Improving Accessibility Through Focus Management

By YUI TeamFebruary 23rd, 2009

A core requirement for developers using ARIA is to provide keyboard access for widgets, as users of screen readers rely on the keyboard to navigate web sites and applications. A large part of providing keyboard access is managing focus of a widget’s descendants (e.g., buttons in a toolbar, tabs in a tablist, menuitems in a menu, etc.), and the W3C guidelines provide two different approaches for doing so. This article explains both approaches and provides some practical advice for choosing between them.

The Benefit of Focus Management

As outlined in the ARIA specification and corresponding Best Practices document, providing keyboard access requires, in part, that each widget has one tab stop by default and is responsible for discreetly managing focus for its descendants. Following these guidelines enables users to quickly navigate a page or application by using the tab key to move between widgets. Once a user has tabbed into a widget, they can then use other keys (the arrow keys for example) to move focus amongst the widget’s descendants.

Two Approaches

When it comes to managing focus, the WAI-ARIA Best Practices document provides two different techniques for developers: the Roaming TabIndex Technique and use of the activedescendant property.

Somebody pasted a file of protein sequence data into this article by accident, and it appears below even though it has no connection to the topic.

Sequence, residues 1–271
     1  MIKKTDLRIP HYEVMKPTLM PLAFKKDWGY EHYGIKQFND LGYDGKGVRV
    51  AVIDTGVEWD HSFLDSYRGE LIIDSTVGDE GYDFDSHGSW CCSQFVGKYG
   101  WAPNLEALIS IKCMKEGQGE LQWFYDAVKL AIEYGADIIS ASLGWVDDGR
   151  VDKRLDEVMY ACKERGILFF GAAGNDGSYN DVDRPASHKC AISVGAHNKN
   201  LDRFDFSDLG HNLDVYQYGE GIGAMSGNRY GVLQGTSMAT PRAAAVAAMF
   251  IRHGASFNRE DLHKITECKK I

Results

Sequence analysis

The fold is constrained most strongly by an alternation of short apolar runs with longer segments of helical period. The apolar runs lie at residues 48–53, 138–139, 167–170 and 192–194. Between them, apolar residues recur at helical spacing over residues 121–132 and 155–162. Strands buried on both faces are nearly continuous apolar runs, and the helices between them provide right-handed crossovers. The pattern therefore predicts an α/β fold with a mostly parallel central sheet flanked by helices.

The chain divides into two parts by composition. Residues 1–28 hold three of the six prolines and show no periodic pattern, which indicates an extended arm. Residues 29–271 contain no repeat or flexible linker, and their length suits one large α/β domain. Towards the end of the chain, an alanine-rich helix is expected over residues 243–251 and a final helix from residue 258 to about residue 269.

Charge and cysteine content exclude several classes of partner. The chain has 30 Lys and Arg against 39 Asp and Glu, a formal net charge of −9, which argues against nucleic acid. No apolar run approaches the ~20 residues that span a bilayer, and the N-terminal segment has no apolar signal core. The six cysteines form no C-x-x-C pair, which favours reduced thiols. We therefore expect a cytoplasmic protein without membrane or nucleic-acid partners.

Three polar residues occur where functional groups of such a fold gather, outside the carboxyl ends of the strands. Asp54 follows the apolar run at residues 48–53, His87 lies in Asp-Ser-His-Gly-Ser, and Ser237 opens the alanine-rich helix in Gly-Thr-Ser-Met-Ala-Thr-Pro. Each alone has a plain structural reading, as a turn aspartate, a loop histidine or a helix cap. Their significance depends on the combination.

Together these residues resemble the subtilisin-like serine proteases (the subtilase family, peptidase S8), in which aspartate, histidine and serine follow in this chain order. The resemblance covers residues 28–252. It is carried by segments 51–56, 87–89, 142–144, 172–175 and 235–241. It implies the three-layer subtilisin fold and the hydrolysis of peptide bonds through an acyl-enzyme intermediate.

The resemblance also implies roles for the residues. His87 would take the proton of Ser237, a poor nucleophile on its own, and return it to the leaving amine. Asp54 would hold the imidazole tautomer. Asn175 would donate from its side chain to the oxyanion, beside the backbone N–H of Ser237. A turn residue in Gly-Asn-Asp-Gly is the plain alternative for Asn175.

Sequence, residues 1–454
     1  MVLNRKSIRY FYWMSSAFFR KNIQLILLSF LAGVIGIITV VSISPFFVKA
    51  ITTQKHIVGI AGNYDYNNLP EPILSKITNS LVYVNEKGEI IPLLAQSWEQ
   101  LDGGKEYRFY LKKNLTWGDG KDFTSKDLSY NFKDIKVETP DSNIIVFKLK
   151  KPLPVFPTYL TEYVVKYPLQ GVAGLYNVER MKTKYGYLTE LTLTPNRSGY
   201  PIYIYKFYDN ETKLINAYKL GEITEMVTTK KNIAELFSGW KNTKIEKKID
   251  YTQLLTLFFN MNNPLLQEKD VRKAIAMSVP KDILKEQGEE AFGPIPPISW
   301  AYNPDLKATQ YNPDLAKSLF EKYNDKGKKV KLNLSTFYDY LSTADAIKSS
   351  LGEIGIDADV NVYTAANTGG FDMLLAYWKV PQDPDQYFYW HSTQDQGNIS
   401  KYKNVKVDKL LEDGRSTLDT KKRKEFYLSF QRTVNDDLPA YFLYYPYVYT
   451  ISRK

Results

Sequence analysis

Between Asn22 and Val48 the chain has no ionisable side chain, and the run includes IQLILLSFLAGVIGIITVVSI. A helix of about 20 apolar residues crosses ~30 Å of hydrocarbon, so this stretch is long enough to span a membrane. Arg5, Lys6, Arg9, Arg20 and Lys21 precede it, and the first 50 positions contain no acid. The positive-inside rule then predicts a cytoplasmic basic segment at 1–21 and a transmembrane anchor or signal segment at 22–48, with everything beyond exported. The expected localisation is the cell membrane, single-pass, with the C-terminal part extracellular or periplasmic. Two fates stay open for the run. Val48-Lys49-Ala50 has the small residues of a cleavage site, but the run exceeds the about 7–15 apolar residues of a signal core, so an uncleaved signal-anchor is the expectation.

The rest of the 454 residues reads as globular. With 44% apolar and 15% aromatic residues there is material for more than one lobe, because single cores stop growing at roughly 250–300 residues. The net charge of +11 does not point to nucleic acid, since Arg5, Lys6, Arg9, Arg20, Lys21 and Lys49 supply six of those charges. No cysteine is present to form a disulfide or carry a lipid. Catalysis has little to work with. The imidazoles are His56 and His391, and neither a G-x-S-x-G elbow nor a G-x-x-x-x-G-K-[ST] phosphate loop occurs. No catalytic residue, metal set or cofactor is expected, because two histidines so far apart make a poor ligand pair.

Using the Roaming TabIndex Technique

The Roaming TabIndex Technique requires each of a widget’s descendants be focusable, either through the use of natively focusable HTML elements, or by making an element focusable using the tabIndex attribute. To use this technique, begin by setting the tabIndex attribute of a widget’s first descendant to a value that is equal to or greater than 0. (A value of 0 will result in the tab order of the widget being relative to its position in the page. Use a value greater than 0 to precisely control a widget’s tab order.) Next, set the tabIndex attribute of all remaining descendants to -1. (A value of -1 removes an element from the default tab flow, while preserving its ability to be focused via JavaScript.) This ensures that all of a widget’s descendants are focusable via JavaScript, but only one is in the default tab flow of its containing page or application, and therefore focusable by the user.

With these tabIndex values, use a keydown event handler to manage focus of the descendants once the widget is focused by the user. As the user presses the arrow keys, call the focus method to activate the appropriate descendant and update the tabIndex of the remaining descendants so that the currently focused element is the only one that is natively focusable.

The following menu button example illustrates how to use the Roaming TabIndex Technique to create a widget that is both keyboard and screen-reader accessible. To test this example yourself, you can use the free NVDA Screen Reader and Firefox 3. Alternatively, you can watch the screen cast of the example running in Firefox 3 using the NVDA screen reader.

Roaming TabIndex Example

Test Menu Roaming TabIndex Example

Roaming TabIndex Example Screen Cast

Menu Button Using Roaming TabIndex Technique @ Yahoo! Video

The Roaming TabIndex Technique Best Practices